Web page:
The History of Vs System Part 2: Common Enemy

 Common%20Enemy

With the release of DC Origins in July of 2004, Gotham Knights, Arkham Inmates, League of Assassins, Teen Titans, Fearsome Five, and Deathstroke team affiliations were added to the metagame. Up to this point the only way to deal with Big Brotherhood which still controlled the tournament scene, landing first place at every major competition, was to try and steal Avalon Space Station and Lost City with Relocation.

IMG_0246-5

The problem with this is if Big Brotherhood also ran a play set of Relocations, which they did; Big Brotherhood would just steal the location back when the time came. Players had hoped DC Origins would bring solutions to Big Brotherhood’s dominance. The Community’s prayers were answered.

Have a Blast!

Common Enemy, although not as good as Big Brotherhood prior to the release of DC Origins, was the most consistent Tier 2 deck in the metagame but fell short to Big Brotherhood due to lack of answers to Big Brotherhood’s powerful locations. With Have a Blast and a way to search for it, putting it into the player’s hand, Common Enemy quickly became Tier 1, flooding the tournament scene.

Common Enemy

Characters
4 Boris Personal Servant of Dr. Doom
4 She-Thing, Sharon Ventura
1 Luke Cage, Hero for Hire
4 She-Hulk, Jennifer Walters
1 Darkoth, Major Desmund Pitt
4 Dr. Doom, Diabolic Genius
1 Wolverine, New Fantastic Four
2 Thing, Heavy Hitter
1 Ghost Rider, New Fantastic Four
1 Robot Destroyer, Army
1 Hulk, New Fantastic Four
1 Dr. Doom, Victor Von Doom
1 Thing, The Ever-Lovin’ Blue-Eyed Thing
1 Sub-Mariner, Ally of Doom
1 Dr. Doom, Lord of Latveria

Plot Twists
4 Signal Flare
1 Faces of Doom
4 Common Enemy
4 It’s Clobberin’ Time!
3 Savage Beatdown
4 Mystical Paralysis
3 Reign of Terror
3 Have A Blast!
2 Overload

Locations
4 Doomstadt

DoomstadtBoris, Personal Servant of Dr_ DoomHave a Blast!Dr_ Doom, Diabolic GeniusMystical Paralysis

What you see above is the package used to specifically combat Big Brotherhood. As you can see, Boris, Personal Servant of Doom, fetches out Have a Blast. Playing it from your resource row allows Dr. Doom, Diabolic Genius to flip the plot twist face down, allowing for another activation. The ability to permanently get rid of Lost City or Avalon Space Station is exactly what was missing to make Tier 2 decks in the metagame Tier 1. Lets take a look at how the deck works.

Turn 1: Your decision to mulligan should be based on two factors: Do you have Boris, Personal Servant of Doom, and Doomstadt? Or do you have any two combination out of Boris, Personal Servant of Doom, She-Thing, Sharon Ventura, or Common Enemy. With this being said, Boris, Personal Servant of Doom is your only turn one play. If you have it, set down your Doomstadt as your resource that turn in preparation for turn two’s combat step. Remember, Boris’ ability lets you put him on the bottom of your deck to search for a Plot Twist and put it into your hand but only if your control Dr. Doom. This is why Doomstadt is so important.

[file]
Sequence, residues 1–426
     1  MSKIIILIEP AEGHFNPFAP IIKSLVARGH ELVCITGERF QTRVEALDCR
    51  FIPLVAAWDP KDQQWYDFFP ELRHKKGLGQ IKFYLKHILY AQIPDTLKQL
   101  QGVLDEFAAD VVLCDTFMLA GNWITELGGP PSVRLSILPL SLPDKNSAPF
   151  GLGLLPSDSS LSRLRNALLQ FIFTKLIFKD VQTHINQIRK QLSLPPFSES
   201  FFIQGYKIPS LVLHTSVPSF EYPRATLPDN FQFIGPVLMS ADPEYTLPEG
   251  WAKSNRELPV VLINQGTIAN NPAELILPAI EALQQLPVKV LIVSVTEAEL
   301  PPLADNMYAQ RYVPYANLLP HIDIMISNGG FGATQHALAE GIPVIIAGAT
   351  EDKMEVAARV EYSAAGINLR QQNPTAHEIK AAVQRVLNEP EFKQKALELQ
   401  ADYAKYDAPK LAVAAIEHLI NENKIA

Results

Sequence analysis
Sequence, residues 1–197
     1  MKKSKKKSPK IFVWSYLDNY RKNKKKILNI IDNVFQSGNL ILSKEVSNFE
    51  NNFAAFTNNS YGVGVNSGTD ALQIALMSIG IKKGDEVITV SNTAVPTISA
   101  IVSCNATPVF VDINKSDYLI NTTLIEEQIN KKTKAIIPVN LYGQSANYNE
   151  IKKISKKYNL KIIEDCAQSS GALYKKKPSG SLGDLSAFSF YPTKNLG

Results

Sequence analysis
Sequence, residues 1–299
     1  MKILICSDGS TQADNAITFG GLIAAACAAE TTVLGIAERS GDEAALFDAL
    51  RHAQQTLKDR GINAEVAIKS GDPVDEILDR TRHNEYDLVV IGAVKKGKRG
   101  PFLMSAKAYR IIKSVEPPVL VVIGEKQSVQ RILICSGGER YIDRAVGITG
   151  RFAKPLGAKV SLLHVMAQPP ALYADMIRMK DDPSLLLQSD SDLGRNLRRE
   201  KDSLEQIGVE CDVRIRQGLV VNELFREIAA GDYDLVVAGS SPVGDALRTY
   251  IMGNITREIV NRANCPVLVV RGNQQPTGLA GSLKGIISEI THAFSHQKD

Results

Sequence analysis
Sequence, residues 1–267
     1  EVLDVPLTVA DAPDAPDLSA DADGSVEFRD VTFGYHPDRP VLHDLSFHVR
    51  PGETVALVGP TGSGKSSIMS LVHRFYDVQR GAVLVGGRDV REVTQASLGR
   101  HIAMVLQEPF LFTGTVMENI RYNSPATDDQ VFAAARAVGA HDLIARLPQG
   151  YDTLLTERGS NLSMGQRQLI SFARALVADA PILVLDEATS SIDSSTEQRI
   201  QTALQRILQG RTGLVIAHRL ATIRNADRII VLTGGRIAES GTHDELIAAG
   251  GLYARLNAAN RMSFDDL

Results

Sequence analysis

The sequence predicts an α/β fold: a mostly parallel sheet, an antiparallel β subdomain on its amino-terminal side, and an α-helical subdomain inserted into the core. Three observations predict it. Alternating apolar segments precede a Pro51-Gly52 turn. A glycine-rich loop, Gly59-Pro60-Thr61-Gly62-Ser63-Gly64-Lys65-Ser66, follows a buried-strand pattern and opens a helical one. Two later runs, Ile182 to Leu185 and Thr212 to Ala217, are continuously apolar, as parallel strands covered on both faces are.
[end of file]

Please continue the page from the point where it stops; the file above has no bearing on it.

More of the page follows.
Turn 2: She-Thing and Luke cage, Hero for Hire are your turn two plays. She-Thing has amazing stats for her cost and has an ability that KO’s equipments attached to the character she attacks. This was important for the Tier 2 Fantastic Four equipments decks floating around. If you feel both Boris and She-Thing will be stunned this turn and you have Doomstadt online, use Boris’s ability before combat.

Turn 3: She-Hulk, Jennifer Walters is a 4/4 that gets +2/+2 while untapped. As a defender, She-Hulk acts as a time walk, almost skipping combat entirely on turn three (as long as your opponent doesn’t have a 6/6 or a combat boost. Darkoth, Major Desmund Pitt is an alternative drop but should not be used unless you have no other options.

Turn 4: This is the turn that is going to do the most disruption in preparation for turn five. By this turn you should have Common Enemy online and Dr. Doom, Diabolical Genius in hand. If you don’t, use Signal Flare or Faces or Doom to search for him. Before recruiting him, activate Have a Blast from your resource row destroying your opponent’s location or team-up, allowing Dr. Doom’s ability to flip Have a Blast back face down, ready for another activation. Ideally, you should already have a copy of Reign of Terror in your hand. This plot twist allows your to return any combination of characters with a combined cost of three to the player’s hand. will want to activate Boris to search for a second copy of Reign of Terror and activate them both, clearing your opponent’s first, second, and Third drop characters. This leaves your opponent with one character and if all went well, you with three. Doomstadt active will increase Dr. Doom’s defense above any average four drop character, making it easy to deal plenty of damage that turn.